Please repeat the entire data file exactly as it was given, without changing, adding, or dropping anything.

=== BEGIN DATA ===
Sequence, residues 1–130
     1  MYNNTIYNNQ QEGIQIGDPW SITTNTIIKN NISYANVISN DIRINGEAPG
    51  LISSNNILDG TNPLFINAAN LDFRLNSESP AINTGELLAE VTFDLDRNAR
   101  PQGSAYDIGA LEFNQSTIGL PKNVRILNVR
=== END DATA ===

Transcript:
Sequence, residues 1–130
     1  MYNNTIYNNQ QEGIQIGDPW SITTNTIIKN NISYANVISN DIRINGEAPG
    51  LISSNNILDG TNPLFINAAN LDFRLNSESP AINTGELLAE VTFDLDRNAR
   101  PQGSAYDIGA LEFNQSTIGL PKNVRILNVR